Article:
|Richard Nixon was elected as President|
in the 1968 election in part because he
told the American people that he had
"a secret plan to end the war."
|"Right. Your poll numbers are lower than|
a sheep's bollocks. Hand over your
microphone and leave Hell's Stage."
My point is not to examine the particulars of these or other criticisms made by the moderator during the debate, or by other candidates for the Democrat nomination, or by Republican candidates, or by pundits in the media. Obviously, I have been giving this a good deal of thought, trying to decide, first of all, whether to even say anything at all. Now, having decided that I want to make a statement that the issue is one of character, more than of content, I have to say that my thought process took a most unexpected turn this past Sunday morning. Quite often, I will wake up before my alarm goes off to start the day, rising to get dressed and do the preparation prayers for Holy Communion - the "yellow book" and the "blue book," for those familiar with the Jordanville booklets containing the "Canons for Holy Communion" with its yellow cover, and the "Order of Preparation for Holy Communion," with its pale blue cover. Usually, I will use the time to reflect on the theme of the sermon that will be delivered after the Gospel has been read during the Divine Liturgy. This past Sunday ran pretty much true to form, until, all of a sudden - and with no discernible connection to the sermon that I could ascertain - I realized that my focus on the character of candidate Clinton was entirely misplaced. Has she done things that were foolish? I have done worse. Has she done things that were dangerous, if only potentially? I have done worse. Has she been wicked, a servant of evil? There is no way I can answer that question for her or about her; but for myself, the answer, I am ashamed to say, has to be, "yes." How, then, can I presume to question or challenge her character, when my sins are undoubtedly greater, more wicked, more vile?
Anyone who knows me knows that I am a political junkie. However, they also know - at least, they should know - that I do not endorse candidates, or parties, or ballot propositions. It is not my place to use the pulpit, or the teaching authority entrusted to me, to tell you what to do in such situations. The Church is not, and should not be, a political agent. Certainly, we have a duty and a responsibility to proclaim what is moral and acceptable and pleasing to God, and to warn of what is immoral, and therefore not pleasing to God. The Church should be active in shaping your conscience; and, as Jiminy Cricket famously advised Pinocchio, "Let your conscience be your guide." That's good advice, as long as you are doing your best to bring your heart and mind and soul closer to knowing and doing the will of God; and if you are regular in your attendance in the worship services of the Church, are attentive to your prayers both in the worship services and in your home, if you are giving from the bounty God has entrusted to you for the needs of others, and laboring to turn away from the sins that always seem to trip you up, your conscience will not fail to give you the advice you need when it comes to knowing how to vote on any particular issue, or how to choose between the candidates for the office for which you are about to cast your vote. Does the person support or oppose the positions you hold on matters which are of the greatest importance, or not? Can the person be trusted to keep their word, or not? Find out all you can, pray all the while, and then make the best decision you can make. I will be doing my best to do the same. We may not always arrive at the same conclusions! But we can't go wrong if we do it that way, if we fulfill our duties as citizens in this way. It's complicated at times: are we citizens of this world, or of the world to come? Sometimes, the answer to that question is simply, "yes"; and in holding dual citizenship, if only for a brief while, we are called upon to carry out our duties in both realms, rendering unto Caesar what is Caesar's, and unto God what is God's. May the God Who calls us and gives us grace to respond to His love with love grant to each of us, as the time for the crucial decisions to choose our leaders for the years ahead, and especially for the President of our nation, the remembrance that those who are seeking our support are also sinners, just like us - and that we are called to be merciful, as we hope to receive mercy. May no harsh words pass our lips, may no anger, dismay, fear or despair trouble us in heart, mind or spirit, and may God raise up a person worthy of His blessing and our support when the time comes for us to cast our votes.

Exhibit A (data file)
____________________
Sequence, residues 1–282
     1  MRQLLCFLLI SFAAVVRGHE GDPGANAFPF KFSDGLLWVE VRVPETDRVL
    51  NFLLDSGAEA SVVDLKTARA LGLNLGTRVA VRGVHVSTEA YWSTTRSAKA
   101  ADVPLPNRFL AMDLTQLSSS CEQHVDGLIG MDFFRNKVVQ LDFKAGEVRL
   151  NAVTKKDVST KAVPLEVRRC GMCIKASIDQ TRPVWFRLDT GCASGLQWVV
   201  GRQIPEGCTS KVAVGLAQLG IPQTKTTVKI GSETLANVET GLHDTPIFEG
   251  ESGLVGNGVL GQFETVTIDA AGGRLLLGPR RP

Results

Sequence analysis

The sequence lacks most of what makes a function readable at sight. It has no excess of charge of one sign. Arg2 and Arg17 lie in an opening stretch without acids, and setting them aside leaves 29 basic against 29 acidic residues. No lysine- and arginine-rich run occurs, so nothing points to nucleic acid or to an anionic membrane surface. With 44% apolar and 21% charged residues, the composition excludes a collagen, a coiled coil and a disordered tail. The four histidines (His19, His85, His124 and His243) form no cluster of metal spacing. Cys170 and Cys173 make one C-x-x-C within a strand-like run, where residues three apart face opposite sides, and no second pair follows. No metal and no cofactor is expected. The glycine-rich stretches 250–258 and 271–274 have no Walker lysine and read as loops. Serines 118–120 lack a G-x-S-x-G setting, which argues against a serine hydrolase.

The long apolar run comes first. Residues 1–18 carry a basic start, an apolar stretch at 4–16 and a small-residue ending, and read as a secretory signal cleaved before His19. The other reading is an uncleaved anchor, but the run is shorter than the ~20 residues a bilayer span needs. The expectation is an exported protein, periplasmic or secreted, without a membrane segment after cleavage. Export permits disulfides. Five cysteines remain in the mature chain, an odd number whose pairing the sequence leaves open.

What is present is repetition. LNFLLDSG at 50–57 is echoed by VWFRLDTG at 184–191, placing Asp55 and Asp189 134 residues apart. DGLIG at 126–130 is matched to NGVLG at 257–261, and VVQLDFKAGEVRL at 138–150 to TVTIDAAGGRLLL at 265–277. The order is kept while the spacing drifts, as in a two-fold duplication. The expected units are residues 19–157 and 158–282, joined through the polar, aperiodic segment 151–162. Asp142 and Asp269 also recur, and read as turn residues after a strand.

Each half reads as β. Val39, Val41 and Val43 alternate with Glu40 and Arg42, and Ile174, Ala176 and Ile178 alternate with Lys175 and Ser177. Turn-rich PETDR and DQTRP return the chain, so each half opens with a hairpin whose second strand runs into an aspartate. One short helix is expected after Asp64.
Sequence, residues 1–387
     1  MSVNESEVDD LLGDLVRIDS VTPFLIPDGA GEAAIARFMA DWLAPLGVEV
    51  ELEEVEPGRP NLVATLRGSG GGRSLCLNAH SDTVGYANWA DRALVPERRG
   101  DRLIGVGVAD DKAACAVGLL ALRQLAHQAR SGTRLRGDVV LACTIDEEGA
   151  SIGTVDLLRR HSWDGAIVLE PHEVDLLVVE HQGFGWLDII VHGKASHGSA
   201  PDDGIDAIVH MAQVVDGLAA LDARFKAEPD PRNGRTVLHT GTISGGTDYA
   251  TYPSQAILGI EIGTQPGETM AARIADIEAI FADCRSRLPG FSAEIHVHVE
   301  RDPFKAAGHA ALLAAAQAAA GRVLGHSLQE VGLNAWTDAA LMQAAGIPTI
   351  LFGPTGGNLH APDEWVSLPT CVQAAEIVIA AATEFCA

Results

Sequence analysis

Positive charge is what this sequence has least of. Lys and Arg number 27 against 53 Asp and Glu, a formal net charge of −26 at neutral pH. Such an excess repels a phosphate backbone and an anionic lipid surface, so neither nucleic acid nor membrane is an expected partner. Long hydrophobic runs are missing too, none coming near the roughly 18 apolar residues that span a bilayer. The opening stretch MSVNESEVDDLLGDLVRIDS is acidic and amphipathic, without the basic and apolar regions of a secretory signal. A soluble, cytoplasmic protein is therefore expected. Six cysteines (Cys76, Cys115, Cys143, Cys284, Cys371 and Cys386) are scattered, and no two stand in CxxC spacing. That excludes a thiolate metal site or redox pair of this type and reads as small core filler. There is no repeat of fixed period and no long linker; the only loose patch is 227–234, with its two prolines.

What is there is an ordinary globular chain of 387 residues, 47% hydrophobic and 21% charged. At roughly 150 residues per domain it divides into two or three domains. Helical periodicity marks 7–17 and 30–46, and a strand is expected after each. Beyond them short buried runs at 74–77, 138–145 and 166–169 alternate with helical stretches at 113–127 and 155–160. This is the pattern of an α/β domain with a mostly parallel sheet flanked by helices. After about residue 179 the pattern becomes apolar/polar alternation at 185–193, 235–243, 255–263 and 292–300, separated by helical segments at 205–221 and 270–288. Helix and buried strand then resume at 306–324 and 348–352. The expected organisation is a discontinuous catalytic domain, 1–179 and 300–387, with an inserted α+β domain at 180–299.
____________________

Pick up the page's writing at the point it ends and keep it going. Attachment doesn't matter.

Oh, and, don't worry. I'm sure this isn't the last time I'll have something to say before Election Day arrives in November, 2016!